“And what do you do?”

Anytime you meet someone you’ve never met before, inevitably you get the same two questions: “What’s your name?” and “And what do you do?” Unless of course, you’re dealing with a Music Snob. Then it’s a whole different ballgame.

Generally, you have an answer that is easy for others to understand. If you do something complex, like writing code or programming you may say, “Oh, I work with computers.” If you are a contract employee, working closely with an aviation company, you might say: “I work out at the FAA.” Most people understand that. But when you say, “I’m a ghostwriter” people’s minds are blown. Why? I don’t know.

I think some people assume that I’m living like Ewan McGregor in The Ghost Writer, writing books for dignitaries and politicians that don’t have the time to write their own books and getting paid millions of dollars.

But that’s not what I do. (And that sure isn’t my salary)

Others think I go around solving crimes like the kids on the PBS show from the 90’s. But sadly, I do not have their magic notebook (or their super-hip style).

What I do do (heh…do do…) is fairly simple: I write books for people that don’t know how to write. They tell me their ideas and then I help them write it, or, I just write it myself.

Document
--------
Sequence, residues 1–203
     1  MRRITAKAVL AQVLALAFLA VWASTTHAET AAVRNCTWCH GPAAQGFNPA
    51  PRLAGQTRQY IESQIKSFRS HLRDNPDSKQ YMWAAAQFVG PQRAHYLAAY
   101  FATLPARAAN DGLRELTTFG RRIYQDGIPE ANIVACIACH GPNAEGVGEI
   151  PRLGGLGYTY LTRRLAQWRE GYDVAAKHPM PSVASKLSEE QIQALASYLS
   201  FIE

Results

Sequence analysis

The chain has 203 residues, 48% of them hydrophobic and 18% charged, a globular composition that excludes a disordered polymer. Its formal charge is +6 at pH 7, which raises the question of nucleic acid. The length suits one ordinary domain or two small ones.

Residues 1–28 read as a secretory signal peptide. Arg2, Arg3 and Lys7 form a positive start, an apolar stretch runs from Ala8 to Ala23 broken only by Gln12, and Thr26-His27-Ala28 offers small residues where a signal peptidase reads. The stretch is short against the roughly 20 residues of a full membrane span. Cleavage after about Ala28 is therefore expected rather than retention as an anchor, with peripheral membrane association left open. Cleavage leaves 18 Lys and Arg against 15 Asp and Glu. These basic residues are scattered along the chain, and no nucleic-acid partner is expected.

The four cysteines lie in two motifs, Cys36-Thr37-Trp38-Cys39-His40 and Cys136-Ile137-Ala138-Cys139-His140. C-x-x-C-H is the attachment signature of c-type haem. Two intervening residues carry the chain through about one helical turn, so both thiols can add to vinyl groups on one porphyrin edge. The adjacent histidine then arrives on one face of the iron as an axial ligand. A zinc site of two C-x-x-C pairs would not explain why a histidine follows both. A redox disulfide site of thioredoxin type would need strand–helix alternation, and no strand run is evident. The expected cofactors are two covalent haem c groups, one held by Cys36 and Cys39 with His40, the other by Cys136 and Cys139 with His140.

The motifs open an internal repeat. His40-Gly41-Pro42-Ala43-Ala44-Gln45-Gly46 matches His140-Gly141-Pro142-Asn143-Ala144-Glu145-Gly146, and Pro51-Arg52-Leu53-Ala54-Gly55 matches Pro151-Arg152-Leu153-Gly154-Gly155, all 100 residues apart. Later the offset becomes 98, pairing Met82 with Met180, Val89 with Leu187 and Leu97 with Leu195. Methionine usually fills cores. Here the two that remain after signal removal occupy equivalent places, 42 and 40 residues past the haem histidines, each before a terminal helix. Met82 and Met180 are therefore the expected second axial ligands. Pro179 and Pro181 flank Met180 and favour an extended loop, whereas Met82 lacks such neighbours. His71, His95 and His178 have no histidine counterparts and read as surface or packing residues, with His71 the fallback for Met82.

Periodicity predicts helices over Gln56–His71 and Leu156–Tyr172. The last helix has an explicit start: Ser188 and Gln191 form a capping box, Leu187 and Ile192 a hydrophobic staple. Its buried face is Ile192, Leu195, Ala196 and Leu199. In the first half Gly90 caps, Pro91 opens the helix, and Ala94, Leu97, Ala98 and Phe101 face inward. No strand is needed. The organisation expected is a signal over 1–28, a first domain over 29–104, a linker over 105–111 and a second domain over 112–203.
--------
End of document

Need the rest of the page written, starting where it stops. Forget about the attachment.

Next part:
“Isn’t that a lot like doing someone else’s homework?” you might ask. And yes, I guess in a sense it is. But honestly, I don’t really mind.

“But you don’t get any credit for it!”

So?

It doesn’t matter to me if I get the credit or not. And given the fact that I can only write what the “author” likes; sometimes I’m grateful when I don’t have to get credit. Ha!

Plus, it helps me to grow as a writer and understand why something should or shouldn’t be placed in a book. I can honestly say that my experience as a ghostwriter has been more educational than any class I took in college. I’ve learned how to improve scenes (and how to kill them), how to write realistic dialogue (and how to sound like a cheesy 1989 made for TV movie). I’ve learned how to keep a reader hooked (and how to bore them to tears).

Since I’ve written a book before (and I’m working on another one), I like being able to widen my horizons with other projects. It’s also really nice to be able to talk to other people and see what ideas they have. Even if I don’t like them, someone out there is bound to be interested. After all, Dungeons and Dragons probably seemed like a silly idea at the time and now look at it! It’s a whole sub-culture!

All in all, I really like my job; I’m doing what I’ve always wanted to do. I get to tell stories and see the dreams of other would-be writers come true. Another bonus? I get to write in my jammies!

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